Rebellion July 12-26, 1850     
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Loading wagons on the Calle Cesar
Detail from "Loading wagons on the Calle de Cesar, Matamoras, for Piedras Negras," by C.E.H. Bonwill for Frank Leslie's illustrated newspaper, Feb. 20, 1864. Library of Congress.
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The Mexican period of Black Seminole history officially began July 12, 1850, when 309 Black Seminoles, Seminoles, and Kickapoos crossed the Rio Grande and presented themselves to the local military commander in Piedras Negras, across the river from Eagle Pass, Texas. Coacoochee had already made preliminary negotiations with the Mexicans for land in exchange for the allies’ services. The commander at Piedras Negras gave the immigrants provisional permission to stay while awaiting formal confirmation from Mexico City.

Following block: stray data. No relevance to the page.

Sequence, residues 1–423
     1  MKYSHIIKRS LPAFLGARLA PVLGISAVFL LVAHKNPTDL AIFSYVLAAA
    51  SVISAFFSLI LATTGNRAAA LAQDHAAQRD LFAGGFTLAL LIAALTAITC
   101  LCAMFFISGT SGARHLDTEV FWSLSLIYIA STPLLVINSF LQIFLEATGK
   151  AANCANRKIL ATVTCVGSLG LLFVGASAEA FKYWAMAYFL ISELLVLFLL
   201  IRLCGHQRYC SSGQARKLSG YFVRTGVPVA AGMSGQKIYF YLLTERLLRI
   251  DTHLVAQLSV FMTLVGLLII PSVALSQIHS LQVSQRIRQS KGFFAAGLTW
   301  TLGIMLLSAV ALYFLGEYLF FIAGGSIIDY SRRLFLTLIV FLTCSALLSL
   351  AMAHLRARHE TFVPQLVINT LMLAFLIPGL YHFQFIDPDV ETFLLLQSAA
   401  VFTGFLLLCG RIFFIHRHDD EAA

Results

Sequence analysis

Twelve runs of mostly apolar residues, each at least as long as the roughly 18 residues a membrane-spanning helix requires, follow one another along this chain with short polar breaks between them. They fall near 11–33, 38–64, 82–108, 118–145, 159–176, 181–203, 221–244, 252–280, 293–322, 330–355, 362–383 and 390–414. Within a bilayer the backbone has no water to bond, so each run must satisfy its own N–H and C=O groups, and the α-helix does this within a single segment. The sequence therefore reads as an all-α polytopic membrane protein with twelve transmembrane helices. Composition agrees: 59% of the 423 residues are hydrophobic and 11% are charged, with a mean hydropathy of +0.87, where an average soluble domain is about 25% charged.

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Sources: Reports of the Committee of Investigation Sent in 1873 by the Mexican Government to the Frontier of Texas 408, Porter Black 131, Mulroy 56-58. ©
Part 4, Freedom: Outline  l Images
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 Trail Narrative
 + Prologue
 + Background: 1693-1812
 + Early Years: 1812-1832
 + War: 1832-1838
 + Exile: 1838-1850
 - Freedom: 1850-1882
+ Cost of Freedom
spacer spacer Arrival
Second Exodus
Border Etiquette
Duval's Desserts
Indian Killers
End of an Era
+ Liberty Foretold
+ Liberty Found
 + Legacy & Conclusion